A foreboding memoir of the author’s early marriage into an agricultural family, and her emotional navigation between rootlessness and heritage.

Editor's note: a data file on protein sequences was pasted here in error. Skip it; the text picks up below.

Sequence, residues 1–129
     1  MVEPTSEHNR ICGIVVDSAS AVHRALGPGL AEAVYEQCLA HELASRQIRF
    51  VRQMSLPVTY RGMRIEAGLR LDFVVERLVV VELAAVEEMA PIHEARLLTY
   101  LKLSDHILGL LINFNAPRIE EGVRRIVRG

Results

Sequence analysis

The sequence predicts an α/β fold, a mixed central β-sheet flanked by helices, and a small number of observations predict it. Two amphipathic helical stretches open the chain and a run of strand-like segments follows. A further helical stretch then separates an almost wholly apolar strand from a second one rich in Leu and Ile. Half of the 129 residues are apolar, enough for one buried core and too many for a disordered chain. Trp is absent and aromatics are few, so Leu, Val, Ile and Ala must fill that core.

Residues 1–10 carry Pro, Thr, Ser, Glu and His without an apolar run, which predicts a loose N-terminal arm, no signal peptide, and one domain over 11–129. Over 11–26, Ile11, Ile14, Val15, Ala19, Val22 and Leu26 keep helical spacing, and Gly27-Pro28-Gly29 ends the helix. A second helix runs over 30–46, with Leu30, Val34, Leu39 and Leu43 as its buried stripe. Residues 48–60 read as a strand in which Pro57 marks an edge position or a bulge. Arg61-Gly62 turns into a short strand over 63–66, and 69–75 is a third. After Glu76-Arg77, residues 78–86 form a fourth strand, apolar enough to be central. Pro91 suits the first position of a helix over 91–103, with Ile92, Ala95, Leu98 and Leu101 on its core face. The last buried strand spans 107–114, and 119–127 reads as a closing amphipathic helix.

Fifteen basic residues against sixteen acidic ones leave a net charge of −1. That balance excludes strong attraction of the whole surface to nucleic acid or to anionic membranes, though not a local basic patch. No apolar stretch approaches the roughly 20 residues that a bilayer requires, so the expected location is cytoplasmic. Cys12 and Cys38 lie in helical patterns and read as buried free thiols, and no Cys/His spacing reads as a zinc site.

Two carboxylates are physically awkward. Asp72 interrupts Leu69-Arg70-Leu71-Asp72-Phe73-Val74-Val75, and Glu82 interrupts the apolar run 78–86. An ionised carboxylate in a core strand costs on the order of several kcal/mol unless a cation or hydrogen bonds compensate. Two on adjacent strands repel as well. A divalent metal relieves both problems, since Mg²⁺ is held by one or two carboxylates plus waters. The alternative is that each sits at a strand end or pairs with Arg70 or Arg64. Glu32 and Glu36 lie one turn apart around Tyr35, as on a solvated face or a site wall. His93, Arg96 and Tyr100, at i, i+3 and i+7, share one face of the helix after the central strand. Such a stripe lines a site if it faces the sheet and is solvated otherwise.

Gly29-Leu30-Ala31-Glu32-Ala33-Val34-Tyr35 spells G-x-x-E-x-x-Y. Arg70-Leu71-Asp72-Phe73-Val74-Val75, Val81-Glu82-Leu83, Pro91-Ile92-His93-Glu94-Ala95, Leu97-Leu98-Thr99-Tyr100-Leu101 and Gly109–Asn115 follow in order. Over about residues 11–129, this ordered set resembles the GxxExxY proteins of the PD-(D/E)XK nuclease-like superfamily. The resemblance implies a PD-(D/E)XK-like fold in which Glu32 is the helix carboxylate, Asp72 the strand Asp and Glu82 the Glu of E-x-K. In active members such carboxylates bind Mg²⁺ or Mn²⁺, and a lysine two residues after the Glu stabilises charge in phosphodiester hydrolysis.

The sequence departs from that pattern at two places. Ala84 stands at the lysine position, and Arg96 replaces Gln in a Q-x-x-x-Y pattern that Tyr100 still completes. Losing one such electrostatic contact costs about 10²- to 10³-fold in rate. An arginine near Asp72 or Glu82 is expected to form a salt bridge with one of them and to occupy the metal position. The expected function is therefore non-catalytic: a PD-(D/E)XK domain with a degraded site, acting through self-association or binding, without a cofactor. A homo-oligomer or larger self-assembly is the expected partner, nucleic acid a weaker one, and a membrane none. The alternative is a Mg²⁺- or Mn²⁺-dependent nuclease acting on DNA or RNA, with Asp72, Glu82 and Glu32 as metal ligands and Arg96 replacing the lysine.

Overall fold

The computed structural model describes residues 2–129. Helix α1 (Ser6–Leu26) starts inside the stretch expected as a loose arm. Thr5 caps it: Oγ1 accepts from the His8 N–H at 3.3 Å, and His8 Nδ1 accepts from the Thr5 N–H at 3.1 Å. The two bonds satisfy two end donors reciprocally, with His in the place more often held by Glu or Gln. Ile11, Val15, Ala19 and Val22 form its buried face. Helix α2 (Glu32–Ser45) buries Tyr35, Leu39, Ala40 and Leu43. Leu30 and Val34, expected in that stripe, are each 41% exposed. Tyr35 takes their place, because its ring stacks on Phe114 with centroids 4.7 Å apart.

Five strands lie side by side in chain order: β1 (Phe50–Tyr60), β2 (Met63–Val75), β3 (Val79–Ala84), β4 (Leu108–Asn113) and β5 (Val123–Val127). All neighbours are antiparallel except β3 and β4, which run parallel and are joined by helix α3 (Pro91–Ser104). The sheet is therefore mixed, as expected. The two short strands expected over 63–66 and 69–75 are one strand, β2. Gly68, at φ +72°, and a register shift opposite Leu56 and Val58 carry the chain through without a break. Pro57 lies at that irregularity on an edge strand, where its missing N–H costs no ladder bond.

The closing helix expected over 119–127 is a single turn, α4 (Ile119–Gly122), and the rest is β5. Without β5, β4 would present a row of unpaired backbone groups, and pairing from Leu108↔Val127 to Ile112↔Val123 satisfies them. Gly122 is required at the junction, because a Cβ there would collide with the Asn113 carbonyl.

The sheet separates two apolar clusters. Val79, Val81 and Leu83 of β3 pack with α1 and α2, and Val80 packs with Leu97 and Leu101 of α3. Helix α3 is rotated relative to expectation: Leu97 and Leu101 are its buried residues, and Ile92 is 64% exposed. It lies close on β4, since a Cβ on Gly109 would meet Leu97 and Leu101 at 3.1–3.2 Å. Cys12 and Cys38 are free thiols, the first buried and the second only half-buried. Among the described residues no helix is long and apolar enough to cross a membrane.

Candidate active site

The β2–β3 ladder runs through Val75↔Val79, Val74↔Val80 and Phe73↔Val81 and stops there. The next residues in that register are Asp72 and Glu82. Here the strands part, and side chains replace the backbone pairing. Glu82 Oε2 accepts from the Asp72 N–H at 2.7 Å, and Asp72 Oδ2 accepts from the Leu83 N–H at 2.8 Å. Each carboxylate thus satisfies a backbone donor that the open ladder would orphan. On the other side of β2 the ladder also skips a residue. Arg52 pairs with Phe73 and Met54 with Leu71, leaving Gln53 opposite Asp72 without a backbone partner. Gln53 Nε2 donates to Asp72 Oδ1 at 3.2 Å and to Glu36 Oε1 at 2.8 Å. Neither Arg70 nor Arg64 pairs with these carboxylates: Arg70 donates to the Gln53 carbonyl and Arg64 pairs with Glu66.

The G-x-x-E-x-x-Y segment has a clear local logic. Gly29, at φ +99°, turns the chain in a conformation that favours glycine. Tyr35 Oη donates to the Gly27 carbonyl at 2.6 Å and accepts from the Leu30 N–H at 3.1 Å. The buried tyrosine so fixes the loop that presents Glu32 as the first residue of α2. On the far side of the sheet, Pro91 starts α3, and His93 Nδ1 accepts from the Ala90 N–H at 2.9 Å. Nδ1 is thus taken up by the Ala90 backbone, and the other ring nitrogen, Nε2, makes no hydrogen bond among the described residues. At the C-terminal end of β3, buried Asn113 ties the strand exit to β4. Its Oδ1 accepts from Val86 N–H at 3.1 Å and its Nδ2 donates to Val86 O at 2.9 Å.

In a key passage, novelist Weir (as Anne Frasier: Garden of Darkness, 2007, etc.) writes that “in that moment I understood that I’d stepped into a world I could never be a part of.” How could a citified woman, whose mother struggled with revolving-door relationships and an itinerant lifestyle, forge an enduring bond with a man whose apple-farming family was governed by appearances? The author dances around questions of belonging and trust as she compresses her outsider beginnings on her husband’s land with the years preceding his death, all while alternating between memories of a 1960s childhood. Threaded with abandonments and “[v]ery bad things that I will never talk about,” the jagged pastiche reveals a woman whose impetuous decision to marry a man she barely knew led to love, children and the tough realization that generations of pesticide-spraying would destroy her newly reconciled peace. Weir ably captures the stasis of rural life and the pain of difference with acuity, though the impact is diluted when in-laws and other characters emerge as archetypal rather than fully fleshed figures. The author frankly admits to deeply subjective interpretation, however, acknowledging that “[s]ometimes there are people you must forget because of the damage they cause—blood ties or not.” Recurrent hints of environmentally dangerous activity never quite develop into a parallel theme, remaining instead as touchstones for a narrative that reaches a crescendo with cancer diagnosis. The strongest feature of the book is the determined loyalty that allows Weir to discover beauty amid strife, as well as the touching conclusion.